Instead, what you’re after is a voice that’s natural to you. One that mirrors your natural speaking voice. One that you don’t have to force or put on.

What we’re trying to avoid is a major disconnect. For instance: if you’re a funny and relaxed person in ‘real life’, you don’t want to have an overly formal online voice. Likewise, if you tend to be on the shy side in person, it’s not a good idea have an in-your-face online presence.

So, how can you start to tune in to your authentic voice? And how can you cultivate your voice online?

For some people, it might be simple. Jennifer, for instance, is highly skilled at this. Perhaps her skill comes from the fact that she’s used to connecting deeply with people in her line of work, so she’s very aware of what her voice ‘sounds’ like. It could also be that she has a natural ability to translate her voice into writing. Whatever the case, she’s figured it out!

However, for many of us, it’s not so easy. If you don’t like writing, or if you’re new to your business, sitting down at your computer and trying to write your homepage in a way that ‘sounds’ like you might be overwhelming.

If so, don’t worry. You’re not alone!

Furthermore, there are some simple things you can do that will put you on the right path.

Here are some steps you can take to begin to unlock your authentic writing voice:

  1. Understand what voice really means. Your written voice is best defined as your unique style, personality, and point of view. Your voice is expressed through the words you choose, how you convey your message, and the perspective you write from. But it doesn’t stop there. Your voice isn’t flat. Nope, your voice can — and does — take on varying tones. For instance, the tone of your voice is probably formal in a business email, but casual in a social media post. Your written voice works, in many ways, like your spoken voice.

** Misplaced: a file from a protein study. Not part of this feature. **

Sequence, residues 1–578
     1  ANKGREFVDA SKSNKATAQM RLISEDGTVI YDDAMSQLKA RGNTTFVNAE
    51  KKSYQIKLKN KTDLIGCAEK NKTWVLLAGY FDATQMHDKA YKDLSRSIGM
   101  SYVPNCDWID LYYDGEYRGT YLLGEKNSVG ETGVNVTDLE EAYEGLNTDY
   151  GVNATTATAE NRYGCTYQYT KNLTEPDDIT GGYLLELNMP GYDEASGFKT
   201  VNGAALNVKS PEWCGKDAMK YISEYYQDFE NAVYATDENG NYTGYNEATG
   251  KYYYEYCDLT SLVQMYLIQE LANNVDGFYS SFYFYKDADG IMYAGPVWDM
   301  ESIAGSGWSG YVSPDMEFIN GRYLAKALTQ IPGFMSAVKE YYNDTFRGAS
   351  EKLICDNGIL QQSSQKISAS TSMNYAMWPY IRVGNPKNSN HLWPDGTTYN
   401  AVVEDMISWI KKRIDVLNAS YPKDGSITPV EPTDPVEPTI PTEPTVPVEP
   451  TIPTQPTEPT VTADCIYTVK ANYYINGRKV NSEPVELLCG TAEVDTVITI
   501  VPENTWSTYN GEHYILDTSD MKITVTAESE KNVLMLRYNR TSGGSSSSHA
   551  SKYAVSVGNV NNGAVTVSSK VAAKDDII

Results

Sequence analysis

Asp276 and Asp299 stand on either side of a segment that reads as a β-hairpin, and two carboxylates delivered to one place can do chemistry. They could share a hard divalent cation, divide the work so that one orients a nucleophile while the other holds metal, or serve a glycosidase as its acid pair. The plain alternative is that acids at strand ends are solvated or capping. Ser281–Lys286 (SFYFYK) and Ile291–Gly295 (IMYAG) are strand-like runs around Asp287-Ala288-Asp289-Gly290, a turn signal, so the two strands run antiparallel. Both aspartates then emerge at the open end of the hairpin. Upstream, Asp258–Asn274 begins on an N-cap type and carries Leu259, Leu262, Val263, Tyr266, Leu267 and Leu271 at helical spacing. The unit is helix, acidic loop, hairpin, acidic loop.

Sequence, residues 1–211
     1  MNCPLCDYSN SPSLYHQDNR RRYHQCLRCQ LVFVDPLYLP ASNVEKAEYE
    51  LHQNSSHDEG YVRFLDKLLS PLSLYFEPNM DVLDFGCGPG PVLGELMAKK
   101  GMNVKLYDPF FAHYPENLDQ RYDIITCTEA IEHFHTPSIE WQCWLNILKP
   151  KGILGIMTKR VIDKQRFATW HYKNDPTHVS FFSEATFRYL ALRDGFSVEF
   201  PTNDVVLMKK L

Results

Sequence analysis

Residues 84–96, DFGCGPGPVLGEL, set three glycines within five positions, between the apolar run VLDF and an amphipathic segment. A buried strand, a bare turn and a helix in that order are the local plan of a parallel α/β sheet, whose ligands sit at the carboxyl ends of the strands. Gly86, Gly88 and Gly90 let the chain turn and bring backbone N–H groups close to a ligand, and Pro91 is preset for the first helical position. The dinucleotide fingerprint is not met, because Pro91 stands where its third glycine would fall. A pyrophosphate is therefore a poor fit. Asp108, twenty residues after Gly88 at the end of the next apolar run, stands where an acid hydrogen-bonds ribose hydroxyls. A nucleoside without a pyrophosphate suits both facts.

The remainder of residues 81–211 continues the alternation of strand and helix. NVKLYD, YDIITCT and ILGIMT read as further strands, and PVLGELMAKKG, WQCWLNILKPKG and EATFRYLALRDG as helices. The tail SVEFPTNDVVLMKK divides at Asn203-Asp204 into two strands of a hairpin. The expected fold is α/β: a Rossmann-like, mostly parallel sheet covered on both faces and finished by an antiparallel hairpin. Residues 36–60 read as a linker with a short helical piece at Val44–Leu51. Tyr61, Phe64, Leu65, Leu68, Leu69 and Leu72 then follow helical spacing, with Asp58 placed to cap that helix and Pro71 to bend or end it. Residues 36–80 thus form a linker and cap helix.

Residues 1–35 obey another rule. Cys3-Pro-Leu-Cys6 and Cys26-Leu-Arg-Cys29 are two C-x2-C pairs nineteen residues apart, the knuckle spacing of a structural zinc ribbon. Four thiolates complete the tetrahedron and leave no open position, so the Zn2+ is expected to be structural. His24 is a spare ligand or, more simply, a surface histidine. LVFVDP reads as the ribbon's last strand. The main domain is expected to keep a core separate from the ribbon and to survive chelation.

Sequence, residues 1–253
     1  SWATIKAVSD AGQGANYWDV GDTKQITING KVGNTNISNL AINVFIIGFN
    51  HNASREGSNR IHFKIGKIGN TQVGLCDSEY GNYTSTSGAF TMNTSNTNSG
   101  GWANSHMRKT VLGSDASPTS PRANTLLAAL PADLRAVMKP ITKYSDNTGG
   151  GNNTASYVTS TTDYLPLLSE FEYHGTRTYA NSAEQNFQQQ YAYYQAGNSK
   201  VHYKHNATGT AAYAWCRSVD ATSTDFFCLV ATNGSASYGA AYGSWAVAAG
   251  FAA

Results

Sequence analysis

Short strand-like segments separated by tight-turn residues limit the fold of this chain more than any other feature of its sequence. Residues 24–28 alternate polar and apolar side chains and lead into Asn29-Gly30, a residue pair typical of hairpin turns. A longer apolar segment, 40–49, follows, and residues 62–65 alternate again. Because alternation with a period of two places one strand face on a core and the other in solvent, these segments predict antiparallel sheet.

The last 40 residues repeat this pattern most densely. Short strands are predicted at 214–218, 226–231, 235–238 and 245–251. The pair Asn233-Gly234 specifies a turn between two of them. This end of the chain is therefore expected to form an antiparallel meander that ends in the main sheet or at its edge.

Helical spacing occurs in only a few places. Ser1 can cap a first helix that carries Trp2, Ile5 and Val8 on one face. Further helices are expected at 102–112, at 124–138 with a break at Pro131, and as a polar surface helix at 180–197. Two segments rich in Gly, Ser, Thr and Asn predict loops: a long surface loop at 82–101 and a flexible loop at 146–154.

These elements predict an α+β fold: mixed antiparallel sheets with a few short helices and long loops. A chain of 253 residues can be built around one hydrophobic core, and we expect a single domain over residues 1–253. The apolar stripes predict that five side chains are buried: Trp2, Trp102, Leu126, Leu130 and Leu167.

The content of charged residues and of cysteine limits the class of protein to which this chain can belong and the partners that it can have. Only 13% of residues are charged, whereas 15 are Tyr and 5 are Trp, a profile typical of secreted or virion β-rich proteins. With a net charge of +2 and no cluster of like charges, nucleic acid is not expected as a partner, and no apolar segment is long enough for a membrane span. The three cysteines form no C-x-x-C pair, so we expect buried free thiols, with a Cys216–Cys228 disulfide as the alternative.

2. Be mindful of how your voice can influence your brand. It’s important to remember that your voice will influence how people view your brand. So, how you end up sounding should line up — somewhat — with how you want people to view you. However, don’t get fixated on how you’re supposed to sound, since altering your voice significantly can detract from your authenticity. In many cases, the best voice to use is a natural one — just make sure you do a signal check to ensure that your voice doesn’t wildly mismatch your brand objectives. Think about who your audience is, what would resonate with them, and how you can leverage your natural voice to talk to them in a way that accomplishes your objectives.